Ordination of Women
Feminism in the Orthodox Church is an extremely limited phenomenon, but it does exist. It typically mirrors the feminism found in heterodox Christian confessions, focusing primarily on sush issues as the ordination of women, the gender of Jesus Christ, and gender language pertaining to the Holy Trinity.
Ordination of women
Traditionally, women have never been ordained to clerical offices within the Orthodox Church. The order of deaconess has existed in the Church, though deaconesses have never been considered female deacons, but were rather a separate order fulfilling separate duties.
Nevertheless, the existence of the diaconissate in the Church's history has led some writers to suggest it as a basis for ordination of women to the priesthood:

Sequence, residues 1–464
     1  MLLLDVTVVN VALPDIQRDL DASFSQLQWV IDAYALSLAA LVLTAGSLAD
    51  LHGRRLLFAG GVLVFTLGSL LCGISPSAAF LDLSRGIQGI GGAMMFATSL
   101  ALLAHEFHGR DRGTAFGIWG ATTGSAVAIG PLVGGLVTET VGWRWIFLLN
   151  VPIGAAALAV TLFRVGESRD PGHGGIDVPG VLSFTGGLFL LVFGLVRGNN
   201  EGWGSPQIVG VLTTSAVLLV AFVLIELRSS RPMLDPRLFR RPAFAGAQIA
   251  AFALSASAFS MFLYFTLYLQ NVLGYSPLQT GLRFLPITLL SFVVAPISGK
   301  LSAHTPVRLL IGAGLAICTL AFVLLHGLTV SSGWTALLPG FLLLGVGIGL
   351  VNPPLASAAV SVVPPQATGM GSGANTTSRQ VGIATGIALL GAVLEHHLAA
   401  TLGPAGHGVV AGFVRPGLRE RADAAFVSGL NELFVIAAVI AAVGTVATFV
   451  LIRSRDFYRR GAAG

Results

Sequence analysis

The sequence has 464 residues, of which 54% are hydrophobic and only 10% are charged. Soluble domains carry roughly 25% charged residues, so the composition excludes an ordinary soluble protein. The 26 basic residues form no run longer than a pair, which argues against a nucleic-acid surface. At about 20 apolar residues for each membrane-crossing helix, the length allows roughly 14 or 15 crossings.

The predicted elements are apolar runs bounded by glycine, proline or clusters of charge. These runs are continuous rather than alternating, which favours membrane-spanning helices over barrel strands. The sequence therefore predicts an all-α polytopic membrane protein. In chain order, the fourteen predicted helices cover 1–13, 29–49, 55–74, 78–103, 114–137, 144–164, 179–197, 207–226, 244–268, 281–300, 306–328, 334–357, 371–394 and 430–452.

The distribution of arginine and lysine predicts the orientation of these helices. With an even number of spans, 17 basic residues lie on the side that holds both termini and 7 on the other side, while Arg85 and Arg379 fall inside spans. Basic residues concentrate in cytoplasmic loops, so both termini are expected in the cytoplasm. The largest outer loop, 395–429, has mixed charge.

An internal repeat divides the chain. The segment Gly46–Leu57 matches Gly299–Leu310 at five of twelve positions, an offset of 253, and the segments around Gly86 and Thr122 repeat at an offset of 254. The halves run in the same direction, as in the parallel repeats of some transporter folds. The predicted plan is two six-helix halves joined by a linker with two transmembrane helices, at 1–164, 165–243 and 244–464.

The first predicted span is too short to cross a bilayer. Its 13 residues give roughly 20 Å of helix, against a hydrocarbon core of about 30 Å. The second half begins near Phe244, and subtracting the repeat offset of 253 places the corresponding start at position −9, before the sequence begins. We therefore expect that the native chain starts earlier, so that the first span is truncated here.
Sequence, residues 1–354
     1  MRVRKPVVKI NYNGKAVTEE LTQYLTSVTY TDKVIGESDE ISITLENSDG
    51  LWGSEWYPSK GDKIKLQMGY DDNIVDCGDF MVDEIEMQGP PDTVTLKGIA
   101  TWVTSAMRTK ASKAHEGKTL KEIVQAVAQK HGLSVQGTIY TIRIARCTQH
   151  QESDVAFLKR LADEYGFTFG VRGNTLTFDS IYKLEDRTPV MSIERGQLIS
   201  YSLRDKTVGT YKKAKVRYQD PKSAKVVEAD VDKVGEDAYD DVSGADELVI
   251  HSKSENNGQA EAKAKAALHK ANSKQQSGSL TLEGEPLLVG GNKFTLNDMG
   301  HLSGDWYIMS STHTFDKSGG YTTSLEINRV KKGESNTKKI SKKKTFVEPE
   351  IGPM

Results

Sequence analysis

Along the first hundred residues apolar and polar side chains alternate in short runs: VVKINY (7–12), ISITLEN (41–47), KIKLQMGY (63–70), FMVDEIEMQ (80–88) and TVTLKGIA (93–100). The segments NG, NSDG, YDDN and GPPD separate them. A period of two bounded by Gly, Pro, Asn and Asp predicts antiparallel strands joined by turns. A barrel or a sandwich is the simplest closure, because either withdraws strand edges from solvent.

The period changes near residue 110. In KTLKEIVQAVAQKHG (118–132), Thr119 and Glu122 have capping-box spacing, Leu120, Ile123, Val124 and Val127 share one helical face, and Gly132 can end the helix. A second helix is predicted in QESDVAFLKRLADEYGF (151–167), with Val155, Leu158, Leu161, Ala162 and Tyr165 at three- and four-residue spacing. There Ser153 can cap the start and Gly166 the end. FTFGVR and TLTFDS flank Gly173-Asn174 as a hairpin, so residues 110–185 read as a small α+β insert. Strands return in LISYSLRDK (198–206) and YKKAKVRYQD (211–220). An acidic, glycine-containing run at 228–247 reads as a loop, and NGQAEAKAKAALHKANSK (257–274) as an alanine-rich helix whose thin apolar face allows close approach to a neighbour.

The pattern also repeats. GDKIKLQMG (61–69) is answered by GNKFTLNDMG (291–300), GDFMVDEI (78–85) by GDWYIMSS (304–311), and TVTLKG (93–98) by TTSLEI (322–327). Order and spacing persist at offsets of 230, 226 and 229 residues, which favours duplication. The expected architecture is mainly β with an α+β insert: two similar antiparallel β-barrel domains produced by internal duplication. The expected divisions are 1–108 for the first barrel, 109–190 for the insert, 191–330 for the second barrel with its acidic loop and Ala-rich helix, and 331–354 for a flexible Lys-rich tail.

- I'm puzzled that the ordination of women to the diaconate is even a question. The [female] diaconate is in our history. It is canonically part of our history. The Coptic Church right now is showing how lively and vital that ministry can be. I think the question of the ordination to the priesthood is where I would put my sights. It is, of course, my conviction that there will be no ordination of women to the Orthodox priesthood for the next few hundred years. But it is also my conviction that there someday will be. The reason is not because of women and their place in society but because the priesthood is something to which the Holy Spirit calls the individual, and the Holy Spirit calls whom the Holy Spirit will. We cannot tell the Holy Spirit whom to call. Women are called to the priesthood—we know this, we see this. Women leave churches that don't ordain women if they must have that call fulfilled. Women have always had to respond to the call of the Spirit in ways that can be disturbing to society. The stories of women saints are full of such actions. —Susan Ashbrook Harvey, St. Nina's Quarterly